4

Initially I thought I'd use get_users() but it turned out it doesn't support the display_name field. Then I've read about using WP_User_Query, but when I do it always exhausts the allowed memory size of 134217728 bytes. When I remove the memory limit this part of the page doesn't even try to load. Now I'm thinking about running a function that adds everyone's display_name to their user meta so I can use get_users() again. Is that a good idea?

My objective is to make the search also sort by relevance and I plan to do it by using explode(' ', $search_query) then call get_users() for each element in the array, then combine and sort the results by occurance like it's shown here: https://stackoverflow.com/questions/2176626/php-get-element-with-5-highest-occurrence-in-an-array and I'm not sure if that's going to be memory efficient.

Thanks for reading.

2

I think you should use the default class for this job - WP_User_Query. The query have a lot of possibilities, also get the display name. WP_User_Query is a class that allows querying WordPress database tables _users and _usermeta.

Also it is helpful when you use a cache for the values. Also here I prefer the WordPress defaults WP_Cache (Non-Persistent Cache) or transient API (Database-Driven Temporarily Persistent Cache).

The example below will demonstrate this with WP_Cache, you can also doing this with transients. The code will not work, is only write by scratch to illustrate.

function wpse_get_user_data( $args ) {


    if ( ! $user_query = wp_cache_get( $args->ID, 'your_key' ) ) {
        $user_query = array();
        $user_query = new WP_User_Query( $args );

        wp_cache_add( $args-ID, $user_query, 'your_key' );
    }

    return $user_query;
}
  • Thanks for your reply, but seems like the memory still needs to be used before adding anything to the cache. The moment the line containing WP_User_Query starts executing I get a fatal error about exhausting the allowed memory size. – Nadroev May 20 '15 at 13:31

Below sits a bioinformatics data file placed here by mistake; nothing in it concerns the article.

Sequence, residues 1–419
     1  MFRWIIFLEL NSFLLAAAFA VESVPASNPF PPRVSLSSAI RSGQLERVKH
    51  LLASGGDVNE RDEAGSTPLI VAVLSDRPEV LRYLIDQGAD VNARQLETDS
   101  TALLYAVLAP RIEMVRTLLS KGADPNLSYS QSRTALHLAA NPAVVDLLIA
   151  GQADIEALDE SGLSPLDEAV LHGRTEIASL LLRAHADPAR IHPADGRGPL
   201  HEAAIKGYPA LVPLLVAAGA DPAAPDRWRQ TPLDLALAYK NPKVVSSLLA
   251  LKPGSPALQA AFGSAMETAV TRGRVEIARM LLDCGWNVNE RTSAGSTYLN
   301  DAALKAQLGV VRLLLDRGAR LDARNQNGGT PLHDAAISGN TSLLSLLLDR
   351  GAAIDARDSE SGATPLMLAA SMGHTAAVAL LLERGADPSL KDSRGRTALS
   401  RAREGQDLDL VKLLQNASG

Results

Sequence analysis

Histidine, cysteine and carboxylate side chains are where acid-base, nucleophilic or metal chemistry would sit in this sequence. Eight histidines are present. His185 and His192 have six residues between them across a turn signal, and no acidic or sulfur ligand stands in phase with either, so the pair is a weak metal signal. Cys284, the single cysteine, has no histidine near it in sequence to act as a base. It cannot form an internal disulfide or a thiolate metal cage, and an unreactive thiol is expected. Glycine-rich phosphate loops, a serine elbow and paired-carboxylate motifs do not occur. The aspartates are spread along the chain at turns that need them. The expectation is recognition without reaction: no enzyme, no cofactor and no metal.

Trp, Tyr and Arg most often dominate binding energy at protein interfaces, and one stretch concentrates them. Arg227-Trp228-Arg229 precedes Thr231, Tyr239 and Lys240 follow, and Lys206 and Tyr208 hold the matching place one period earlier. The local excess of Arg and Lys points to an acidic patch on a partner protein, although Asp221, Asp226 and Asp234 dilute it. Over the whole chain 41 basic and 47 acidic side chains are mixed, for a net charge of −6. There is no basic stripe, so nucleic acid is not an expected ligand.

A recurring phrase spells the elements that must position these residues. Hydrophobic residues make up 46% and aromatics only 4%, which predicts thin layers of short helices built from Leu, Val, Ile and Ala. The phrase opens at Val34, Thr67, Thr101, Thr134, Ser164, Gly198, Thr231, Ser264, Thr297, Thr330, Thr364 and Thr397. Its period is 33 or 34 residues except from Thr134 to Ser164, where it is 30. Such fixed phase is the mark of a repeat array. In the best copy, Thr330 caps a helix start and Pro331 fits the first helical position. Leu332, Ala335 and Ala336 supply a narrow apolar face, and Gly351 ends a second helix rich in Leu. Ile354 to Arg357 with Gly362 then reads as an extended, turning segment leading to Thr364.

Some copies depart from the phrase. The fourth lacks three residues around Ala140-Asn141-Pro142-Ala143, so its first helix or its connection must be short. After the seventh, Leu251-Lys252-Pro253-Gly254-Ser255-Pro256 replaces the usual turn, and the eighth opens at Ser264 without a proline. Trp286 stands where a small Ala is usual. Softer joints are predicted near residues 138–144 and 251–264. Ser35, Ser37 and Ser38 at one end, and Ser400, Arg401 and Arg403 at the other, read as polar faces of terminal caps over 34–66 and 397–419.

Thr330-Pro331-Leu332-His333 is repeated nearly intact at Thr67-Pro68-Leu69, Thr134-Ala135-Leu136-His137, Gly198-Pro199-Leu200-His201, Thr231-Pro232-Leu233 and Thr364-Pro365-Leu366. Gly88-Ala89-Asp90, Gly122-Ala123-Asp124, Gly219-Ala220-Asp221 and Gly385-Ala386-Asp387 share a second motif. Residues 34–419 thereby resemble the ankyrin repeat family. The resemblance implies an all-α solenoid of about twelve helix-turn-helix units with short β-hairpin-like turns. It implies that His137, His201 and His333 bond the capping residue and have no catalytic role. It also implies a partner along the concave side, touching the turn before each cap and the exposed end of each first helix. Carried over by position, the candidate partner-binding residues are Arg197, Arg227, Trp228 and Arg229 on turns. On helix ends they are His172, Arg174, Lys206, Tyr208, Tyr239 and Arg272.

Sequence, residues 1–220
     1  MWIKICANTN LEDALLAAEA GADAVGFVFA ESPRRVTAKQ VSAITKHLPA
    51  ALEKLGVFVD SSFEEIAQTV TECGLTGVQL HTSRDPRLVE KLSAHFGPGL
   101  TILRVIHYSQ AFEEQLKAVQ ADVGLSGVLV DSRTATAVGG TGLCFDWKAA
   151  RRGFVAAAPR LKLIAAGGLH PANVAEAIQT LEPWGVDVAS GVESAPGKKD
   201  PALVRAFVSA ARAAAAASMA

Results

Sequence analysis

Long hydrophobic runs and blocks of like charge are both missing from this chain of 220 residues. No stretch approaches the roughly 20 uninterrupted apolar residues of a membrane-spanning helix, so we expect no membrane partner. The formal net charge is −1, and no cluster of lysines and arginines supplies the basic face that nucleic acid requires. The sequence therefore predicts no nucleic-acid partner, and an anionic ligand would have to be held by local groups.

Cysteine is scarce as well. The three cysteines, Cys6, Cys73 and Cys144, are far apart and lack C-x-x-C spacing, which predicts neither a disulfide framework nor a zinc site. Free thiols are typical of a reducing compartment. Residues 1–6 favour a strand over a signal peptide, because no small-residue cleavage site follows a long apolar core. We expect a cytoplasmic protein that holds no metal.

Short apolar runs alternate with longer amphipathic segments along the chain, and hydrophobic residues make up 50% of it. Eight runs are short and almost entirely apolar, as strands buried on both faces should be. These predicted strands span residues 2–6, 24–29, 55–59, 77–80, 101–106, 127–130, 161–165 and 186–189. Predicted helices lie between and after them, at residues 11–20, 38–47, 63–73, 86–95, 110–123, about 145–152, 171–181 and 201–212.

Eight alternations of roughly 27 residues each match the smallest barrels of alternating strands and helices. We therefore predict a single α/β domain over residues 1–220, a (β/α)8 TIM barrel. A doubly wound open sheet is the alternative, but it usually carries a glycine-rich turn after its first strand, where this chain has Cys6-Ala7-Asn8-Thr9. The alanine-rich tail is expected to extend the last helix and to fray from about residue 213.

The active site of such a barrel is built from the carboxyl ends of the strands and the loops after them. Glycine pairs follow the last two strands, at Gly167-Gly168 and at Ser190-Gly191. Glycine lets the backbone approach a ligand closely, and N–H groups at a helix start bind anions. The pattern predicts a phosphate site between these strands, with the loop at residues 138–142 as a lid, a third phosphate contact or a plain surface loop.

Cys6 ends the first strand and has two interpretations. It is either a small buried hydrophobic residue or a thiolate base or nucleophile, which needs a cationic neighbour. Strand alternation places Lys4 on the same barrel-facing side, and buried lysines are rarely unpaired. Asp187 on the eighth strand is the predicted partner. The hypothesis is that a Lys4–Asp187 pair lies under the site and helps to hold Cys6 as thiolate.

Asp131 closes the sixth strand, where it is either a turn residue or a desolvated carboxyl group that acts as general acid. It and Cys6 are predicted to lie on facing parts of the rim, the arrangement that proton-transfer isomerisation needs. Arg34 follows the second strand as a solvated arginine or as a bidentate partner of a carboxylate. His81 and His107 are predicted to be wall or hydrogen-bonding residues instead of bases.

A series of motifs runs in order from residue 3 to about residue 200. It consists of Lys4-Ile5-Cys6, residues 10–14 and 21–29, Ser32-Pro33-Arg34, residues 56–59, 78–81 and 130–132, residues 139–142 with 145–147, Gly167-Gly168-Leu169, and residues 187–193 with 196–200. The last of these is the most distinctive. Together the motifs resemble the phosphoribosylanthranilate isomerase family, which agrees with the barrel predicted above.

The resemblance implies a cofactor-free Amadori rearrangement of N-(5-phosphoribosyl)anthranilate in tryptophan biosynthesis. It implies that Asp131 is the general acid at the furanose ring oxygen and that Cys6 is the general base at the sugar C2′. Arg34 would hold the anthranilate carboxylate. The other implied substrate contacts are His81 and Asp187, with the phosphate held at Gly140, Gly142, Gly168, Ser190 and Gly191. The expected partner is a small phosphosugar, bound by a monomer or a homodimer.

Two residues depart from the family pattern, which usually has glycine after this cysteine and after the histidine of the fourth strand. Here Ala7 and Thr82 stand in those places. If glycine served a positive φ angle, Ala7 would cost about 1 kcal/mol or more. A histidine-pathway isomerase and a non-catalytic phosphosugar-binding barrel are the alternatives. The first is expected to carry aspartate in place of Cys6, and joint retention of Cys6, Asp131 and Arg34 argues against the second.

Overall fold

• How much users do you have? But you can reduce the default query, that you use only the query about one field. – bueltge May 20 '15 at 17:26
  • 1700, is that much? Wouldn't be good if one can't search through all users, but just for testing, how can I do the thing you said? – Nadroev May 21 '15 at 5:27
  • No, is much for a lot of installs. But we have a lot of clients, there have much more. The second answer demonstrate the reduction of a smaller search, faster, lower memory. – bueltge May 21 '15 at 11:06
  • Sorry, could you rephrase that? I don't think I understood it at all. – Nadroev May 25 '15 at 11:31
1

If you push a "search" through WP_User_query you will search both the user_login fields and the user_nicename fields. That produces a de facto inefficient OR query. You can reduce that by using a filter to force the search to only the user_nicename field.

add_filter('user_search_columns','nicename_only_wpse_188846');

function nicename_only_wpse_188846($search_columns) {
  return array('user_nicename');
}

$args = array(
  'search' => 'abce',
);

// The Query
$user_query = new WP_User_Query( $args );
var_dump($user_query);

Combine that with caching and you might have a shot.

That said, 134217728 bytes is pretty slim if you have a lot of users and traffic. You may just need a server upgrade.

  • Currently I am still testing that locally, so that's just the limit set in the ini file. Also the page doesn't load not only when I remove the limit, but also when I set the limit to be enough for the current case. I know I have enough space on my C drive. – Nadroev May 20 '15 at 15:35

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